refugees

 

Today, we speak to MLive reporter Paula Gardner, co-author of an investigative report that found PFAS chemicals are still being released in large quantities by businesses across the state. Plus, a new bill proposed in the state Senate would remove protections from some Michigan wetlands on private property. Opponents say it would have devastating effects, but supporters say it's protecting property owners from government overreach.  

It was a close call for Freedom House, the one-of-a-kind Detroit shelter that provides housing, legal aid and a host of other services to help asylum seekers.

Its doors were in danger of closing after its annual grant from the Department of Housing and Urban Development (HUD) was slashed by more than half.

The White House continues to insist that the President's executive orders on immigrants and refugees will make America safer.

The West Michigan group Samaritas begs to differ.

Robin Wright began her journalism career as a student at the University of Michigan, where she was the first female sports editor in the history of the Michigan Daily.

She has gone on to become a widely known and honored foreign affairs analyst, journalist and author. Her books include Rock the Casbah: Rage and Rebellion Across the Islamic World, Dreams and Shadows: The Future of the Middle East, Sacred Rage: The Wrath of Militant Islam and The Last Great Revolution: Turmoil and Transformation in Iran.

This coming Thursday, Wright returns to Ann Arbor to give the Margaret Waterman Alumnae Lecture. She joined us today.

As Michigan kids get settled into this new school year, there's one group that can use some extra support: children who are immigrants or refugees.

To understand the tragic toll of the civil war in Syria, you need look no further than the city of Homs.

The western Syrian city was held by rebels and under attack by government forces.

Four years ago, on February 22, 2012, American-born reporter Marie Colvin spoke to CNN from Homs, trying to describe her anger at the shelling of civilians in the city:

“There are 28,000 civilians, men, women and children, hiding, being shelled, defenseless.”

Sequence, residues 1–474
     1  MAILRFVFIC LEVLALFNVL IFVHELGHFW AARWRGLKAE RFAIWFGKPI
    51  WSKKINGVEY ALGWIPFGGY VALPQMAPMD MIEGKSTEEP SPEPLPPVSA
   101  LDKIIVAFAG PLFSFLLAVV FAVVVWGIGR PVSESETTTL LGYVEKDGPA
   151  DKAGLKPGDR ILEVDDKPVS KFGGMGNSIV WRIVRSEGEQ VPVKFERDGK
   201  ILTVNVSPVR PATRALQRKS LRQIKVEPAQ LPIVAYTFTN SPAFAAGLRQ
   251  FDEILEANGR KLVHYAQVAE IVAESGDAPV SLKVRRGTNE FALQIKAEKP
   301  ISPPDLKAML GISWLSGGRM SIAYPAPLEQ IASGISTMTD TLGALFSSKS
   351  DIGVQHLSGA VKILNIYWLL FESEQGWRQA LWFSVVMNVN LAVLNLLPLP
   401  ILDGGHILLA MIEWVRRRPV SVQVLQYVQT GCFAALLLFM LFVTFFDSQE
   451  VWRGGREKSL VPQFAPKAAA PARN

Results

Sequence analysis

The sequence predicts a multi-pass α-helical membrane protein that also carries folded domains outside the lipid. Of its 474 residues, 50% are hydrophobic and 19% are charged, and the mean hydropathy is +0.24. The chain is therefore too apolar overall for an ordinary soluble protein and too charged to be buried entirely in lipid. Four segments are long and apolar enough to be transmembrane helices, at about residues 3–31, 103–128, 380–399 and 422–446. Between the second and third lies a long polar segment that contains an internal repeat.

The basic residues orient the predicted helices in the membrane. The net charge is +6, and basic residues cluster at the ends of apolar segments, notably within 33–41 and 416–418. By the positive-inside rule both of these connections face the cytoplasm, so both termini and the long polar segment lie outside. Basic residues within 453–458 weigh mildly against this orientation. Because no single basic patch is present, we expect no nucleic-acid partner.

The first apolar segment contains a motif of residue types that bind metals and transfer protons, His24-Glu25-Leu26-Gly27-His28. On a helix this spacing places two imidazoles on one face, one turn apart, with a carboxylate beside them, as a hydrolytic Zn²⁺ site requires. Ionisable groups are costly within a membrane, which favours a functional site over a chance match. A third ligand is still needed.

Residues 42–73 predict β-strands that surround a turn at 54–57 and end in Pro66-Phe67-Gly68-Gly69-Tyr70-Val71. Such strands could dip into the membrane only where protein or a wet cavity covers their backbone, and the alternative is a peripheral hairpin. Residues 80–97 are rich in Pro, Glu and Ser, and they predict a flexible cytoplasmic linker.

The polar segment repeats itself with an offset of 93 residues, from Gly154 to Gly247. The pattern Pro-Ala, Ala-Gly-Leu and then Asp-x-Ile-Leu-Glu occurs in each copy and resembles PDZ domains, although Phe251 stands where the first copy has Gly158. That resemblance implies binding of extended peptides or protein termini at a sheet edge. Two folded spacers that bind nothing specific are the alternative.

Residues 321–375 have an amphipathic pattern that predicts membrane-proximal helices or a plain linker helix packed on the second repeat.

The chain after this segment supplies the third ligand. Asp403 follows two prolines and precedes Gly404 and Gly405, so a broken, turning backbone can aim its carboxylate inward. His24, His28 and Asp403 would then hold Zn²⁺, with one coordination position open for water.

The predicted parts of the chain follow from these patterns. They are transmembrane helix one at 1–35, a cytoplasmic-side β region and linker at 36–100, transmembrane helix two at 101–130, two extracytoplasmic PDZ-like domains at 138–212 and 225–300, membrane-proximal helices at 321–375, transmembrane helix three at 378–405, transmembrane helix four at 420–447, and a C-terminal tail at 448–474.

“So it’s a complete and utter lie that they’re only going after terrorists. There are rockets, shells, tank shells, anti-aircraft being fired in parallel lines into the city. The Syrian Army is simply shelling a city of cold, starving civilians.”

Shortly after that report, Marie Colvin and a young French photographer were killed when ten rockets blasted into their makeshift media center.

Morgan Springer

Forty years ago, at the age of 15, Thongsai Vangyi and his family fled Laos.

Now Vangyi owns Thai Orchid restaurant in Petoskey. It’s quiet and calm in the restaurant. Busy and bright in the kitchen. Vangyi says his dreams have been simple: own his own business and provide for his family.

 


The public debate about welcoming refugees from Syria isn’t just happening here in the States. Canada is planning to receive 25,000 Syrian refugees over the next three months.

This week, Windsor Mayor Drew Dilkens joined with municipal leaders from all across Canada for a meeting in Ottawa to hear the newly elected Liberal Party of Canada's plans for resettling the refugees.

"For us to turn our backs on people now, I think is just to abdicate what it means to be an American."

That's what  Grand Rapids Mayor George Heartwell tells Stateside host Cynthia Canty.

The Mayor of Michigan's second-largest city recently addressed the Grand Rapids City Commission after the terrorist attacks in Paris.

Russ Climie / Tiberius Image

Governor Rick Snyder was the first governor in the nation to speak out on refugees following last week’s terrorist attacks in Paris and Beirut. And he may have come to regret it as he tries to clarify his position vis a vis what a lot of the nation’s other Republican governors are saying about refugees and immigration.

Following the attacks, Governor Snyder said he was hitting the “pause” button on efforts to get more visas for Middle Eastern refugees to settle in Michigan.

When Gov. Rick Synder's office released a statement asking the Department of Homeland Security to review the vetting process for Syrian refugees seeking asylum in the United States after the terrorist attacks in Paris, the reaction was swift.

Soon dozens of governors declared their opposition or support of settling Syrian refugees in their respective states. 

However, Detroit Free Press Capitol Hill reporter Todd Spangler tells Stateside host Cynthia Canty that state governors have no legal say when it comes to accepting refugees.